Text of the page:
Disagreement Amongst Hadith Critics: A Critical Review On Laknawī’s Rules Of Reconciliation


Disagreement over the authenticity of hadith (prophetic tradition) is a common event in hadith discourse. A hadith that authenticated as sound by a critic sometimes is judged as weak by other. This reality sparked question on best method in dealing with such cases. The topic is understudied until ‘Abd al-Ḥay Laknawī (1848-1886) proposed four rules of reconciliation in his two books namely Ẓafar al-Amānī and al-Ajwibah al-Fāḍilah. The current article will shed light on those rules and evaluate its acceptability using recent findings in hadith studies. In addition, the study aims at unearthing the connection between the rules and the nature of Laknawī’s Islamic scholarship as a whole. It has found that Laknawī’s rules of reconciliation are considerably practical yet trivial. Despite its popularity in modern hadith studies, the rules contain a handful problematic issues and weaknesses. It has also proved that Laknawī’s prevailed preference to the opinion of critics from the mu‘tadil (moderate) group clearly reflects his scholarship which promotes the concept of moderation in cases disputed by the traditionalist and reformist groups in India and evidently inspires later scholars.

Keywords: Reformhadith criticsmutasāhilmutashaddidmu’tadilmoderation


The main objective of hadith criticism is to ascertain the authenticity of hadith, and to separate the sound hadiths from the weak ones (al-Suyūṭī, 2004). Hadith criticism involves thorough examination which is focused to various aspects relating to transmitter’s reliability, the contiguity of isnad (chain of transmission) and the accuracy of matn (hadith wordings). Although it is tied to systematic and meticulous principles, hadith critics often fall into disagreement. Hadith that is authenticated as sound by some critics could be deemed as weak by others, and vice versa. The event mainly starts from 4th/10th century in which the subjectivities begin to influence the hadith criticism due to the proliferation of schools of fiqh ( madhhabs ). Scholars with inclination to certain school of thought ( madhhab ) often attempt to manipulate hadith discussion to make it seen in line with the rulings of their madhhab . It continues to modern times when current hadith scholars rarely agree on the status of various hadiths due to personal sentiments as well as sect fanaticism (Noor, 2017).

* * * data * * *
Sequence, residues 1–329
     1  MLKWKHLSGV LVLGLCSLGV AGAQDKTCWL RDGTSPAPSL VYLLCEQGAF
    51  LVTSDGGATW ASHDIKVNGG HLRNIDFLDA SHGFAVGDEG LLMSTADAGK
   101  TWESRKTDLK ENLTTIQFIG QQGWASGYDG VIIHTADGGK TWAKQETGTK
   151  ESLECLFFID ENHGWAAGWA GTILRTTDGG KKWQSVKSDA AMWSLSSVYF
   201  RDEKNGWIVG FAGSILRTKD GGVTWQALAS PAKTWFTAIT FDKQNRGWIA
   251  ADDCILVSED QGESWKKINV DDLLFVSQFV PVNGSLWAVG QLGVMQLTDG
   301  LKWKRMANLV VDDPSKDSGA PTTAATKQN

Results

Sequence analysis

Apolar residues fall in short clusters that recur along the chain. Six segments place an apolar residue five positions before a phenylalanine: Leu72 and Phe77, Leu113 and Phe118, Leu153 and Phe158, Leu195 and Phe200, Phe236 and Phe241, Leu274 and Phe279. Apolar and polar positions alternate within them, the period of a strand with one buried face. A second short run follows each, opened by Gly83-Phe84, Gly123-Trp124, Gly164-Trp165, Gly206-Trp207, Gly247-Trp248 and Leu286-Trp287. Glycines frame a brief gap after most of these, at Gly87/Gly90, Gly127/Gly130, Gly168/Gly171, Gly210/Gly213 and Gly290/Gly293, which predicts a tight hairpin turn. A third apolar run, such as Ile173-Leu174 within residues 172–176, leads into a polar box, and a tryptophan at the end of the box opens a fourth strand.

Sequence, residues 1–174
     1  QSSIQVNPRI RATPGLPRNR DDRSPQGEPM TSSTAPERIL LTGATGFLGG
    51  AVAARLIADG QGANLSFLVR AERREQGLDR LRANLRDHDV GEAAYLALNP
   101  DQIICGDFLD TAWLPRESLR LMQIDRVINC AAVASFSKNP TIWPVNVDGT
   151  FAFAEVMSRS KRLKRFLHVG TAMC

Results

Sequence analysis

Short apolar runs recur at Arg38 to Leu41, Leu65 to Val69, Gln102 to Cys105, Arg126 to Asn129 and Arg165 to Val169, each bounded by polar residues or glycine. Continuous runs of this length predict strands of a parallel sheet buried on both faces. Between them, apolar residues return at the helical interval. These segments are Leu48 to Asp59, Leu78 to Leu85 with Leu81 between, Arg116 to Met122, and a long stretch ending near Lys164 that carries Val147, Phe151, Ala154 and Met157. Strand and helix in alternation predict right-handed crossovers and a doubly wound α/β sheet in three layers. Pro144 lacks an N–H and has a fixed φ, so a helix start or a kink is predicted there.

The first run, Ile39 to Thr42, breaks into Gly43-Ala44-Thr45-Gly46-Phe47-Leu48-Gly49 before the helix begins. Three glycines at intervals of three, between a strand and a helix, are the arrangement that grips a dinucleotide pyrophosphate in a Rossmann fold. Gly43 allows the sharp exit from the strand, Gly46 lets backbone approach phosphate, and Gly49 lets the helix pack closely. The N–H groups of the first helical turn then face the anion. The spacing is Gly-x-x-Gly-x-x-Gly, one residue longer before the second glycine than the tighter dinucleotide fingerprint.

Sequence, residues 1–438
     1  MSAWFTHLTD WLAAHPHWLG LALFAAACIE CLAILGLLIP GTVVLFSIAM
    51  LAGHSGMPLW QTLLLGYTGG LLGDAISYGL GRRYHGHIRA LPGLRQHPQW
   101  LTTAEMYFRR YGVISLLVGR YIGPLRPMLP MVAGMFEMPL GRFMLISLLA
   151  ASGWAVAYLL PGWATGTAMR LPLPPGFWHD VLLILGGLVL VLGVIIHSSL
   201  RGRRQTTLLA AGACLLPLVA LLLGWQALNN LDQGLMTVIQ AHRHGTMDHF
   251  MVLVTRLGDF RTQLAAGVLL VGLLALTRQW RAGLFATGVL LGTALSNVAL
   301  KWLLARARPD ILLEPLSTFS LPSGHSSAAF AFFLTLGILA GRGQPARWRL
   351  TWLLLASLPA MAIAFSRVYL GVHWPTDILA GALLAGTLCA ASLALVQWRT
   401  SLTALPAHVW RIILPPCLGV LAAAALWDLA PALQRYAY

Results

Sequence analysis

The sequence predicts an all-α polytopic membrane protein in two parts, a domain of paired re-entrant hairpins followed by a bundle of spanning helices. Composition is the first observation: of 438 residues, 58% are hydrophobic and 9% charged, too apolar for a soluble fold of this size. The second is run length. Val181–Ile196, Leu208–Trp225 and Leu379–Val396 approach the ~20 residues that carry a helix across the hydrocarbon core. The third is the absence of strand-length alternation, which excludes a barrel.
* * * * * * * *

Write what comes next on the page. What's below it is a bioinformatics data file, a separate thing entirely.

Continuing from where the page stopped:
Problem Statement

Despite of its significance in hadith discourse, the topic on how to interact with disagreement on hadith authenticity, and how to choose the right opinion in such cases, is hardly found in classical hadith literature. The topic is understudied until the middle of 19th century. The earliest discussion on the matter to propose practical solutions is that in the works of modern scholar ‘Abd al-Ḥay Laknawī of Farangi Mahal India (d.1886). His lengthy elaboration about the reality of disagreement amongst hadith critics and how to reconcile it can be found in Ẓafar al-Amānī fi Sharh Mukhtaṣar al-Jurjānī and al-Ajwibah al-Fāḍilah ‘an al-As'ilah al-'Asharah al-Kāmilah. In both works, Laknawī has formulated four rules of reconciliation that are extracted from statements and practices of previous scholars. One of the rules suggests to evaluate and critically compare the basis and arguments of the critics involved. The remained three suggests to pick up the most reliable opinion offered by the critics based on the acquaintance of their overall scholarship. Since the Laknawī’s rules are widely accepted among modern hadith scholars, it is important to study its acceptability as well as to examine the context in which the rules come into existence. Needless to say that the problem studied in this paper is differ from that in Soroni’s “Formulasi Imam ‘Abd al-Hay al-Laknawi Terhadap Hadis Diperselisihkan Statusnya” for his work merely an elaboration about Laknawi’s rules without in-depth analysis and critical examination.